Currency Management Styles: Ten Years On

James Binny

In 2005, previous research (Binny, 2005) attempted to explain the simple inefficiencies that enable currency managers to make profits for their clients, and to illustrate the techniques using “naïve simulations” of simple currency investment strategies. These simple naïve simulations – value, trend-following, yield and volatility capture – continued to be updated and published on Bloomberg (as ABN AMRO Naïve Currency Management indices), although, as the author went to work at a hedge fund, the indices were discontinued. However, many banks have come to adopt similar indices to illustrate currency returns and, frequently, as the basis for derivatives.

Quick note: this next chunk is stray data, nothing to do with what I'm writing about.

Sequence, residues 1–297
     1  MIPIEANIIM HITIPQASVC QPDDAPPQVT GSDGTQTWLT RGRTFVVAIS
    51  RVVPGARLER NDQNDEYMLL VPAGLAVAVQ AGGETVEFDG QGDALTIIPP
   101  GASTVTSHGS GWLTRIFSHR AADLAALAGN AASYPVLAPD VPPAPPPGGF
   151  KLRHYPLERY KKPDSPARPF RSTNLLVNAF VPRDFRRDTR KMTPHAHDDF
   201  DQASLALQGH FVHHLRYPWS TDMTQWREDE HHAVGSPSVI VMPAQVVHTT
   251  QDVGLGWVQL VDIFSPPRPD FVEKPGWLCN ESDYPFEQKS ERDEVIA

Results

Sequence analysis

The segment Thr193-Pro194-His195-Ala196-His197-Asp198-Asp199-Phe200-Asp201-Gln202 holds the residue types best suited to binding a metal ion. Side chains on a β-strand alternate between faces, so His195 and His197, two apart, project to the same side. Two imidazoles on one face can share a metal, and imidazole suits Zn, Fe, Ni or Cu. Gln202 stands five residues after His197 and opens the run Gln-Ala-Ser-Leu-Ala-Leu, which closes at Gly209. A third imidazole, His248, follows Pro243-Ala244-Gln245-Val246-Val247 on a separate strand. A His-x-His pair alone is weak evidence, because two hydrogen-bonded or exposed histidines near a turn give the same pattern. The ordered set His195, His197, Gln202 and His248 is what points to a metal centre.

Many of these other subsequent indices are more sophisticated and “optimised” than the original naïve versions. The optimisation may well have been appropriate where they were being sold as investment products rather than just as illustrations/benchmarks (which was the intention with the original naïve versions). However, this chapter will seek to update those original simulations without further optimisation, representing truly “out-of-sample” empirical results. This approach maintains the original naïve concept and avoids the

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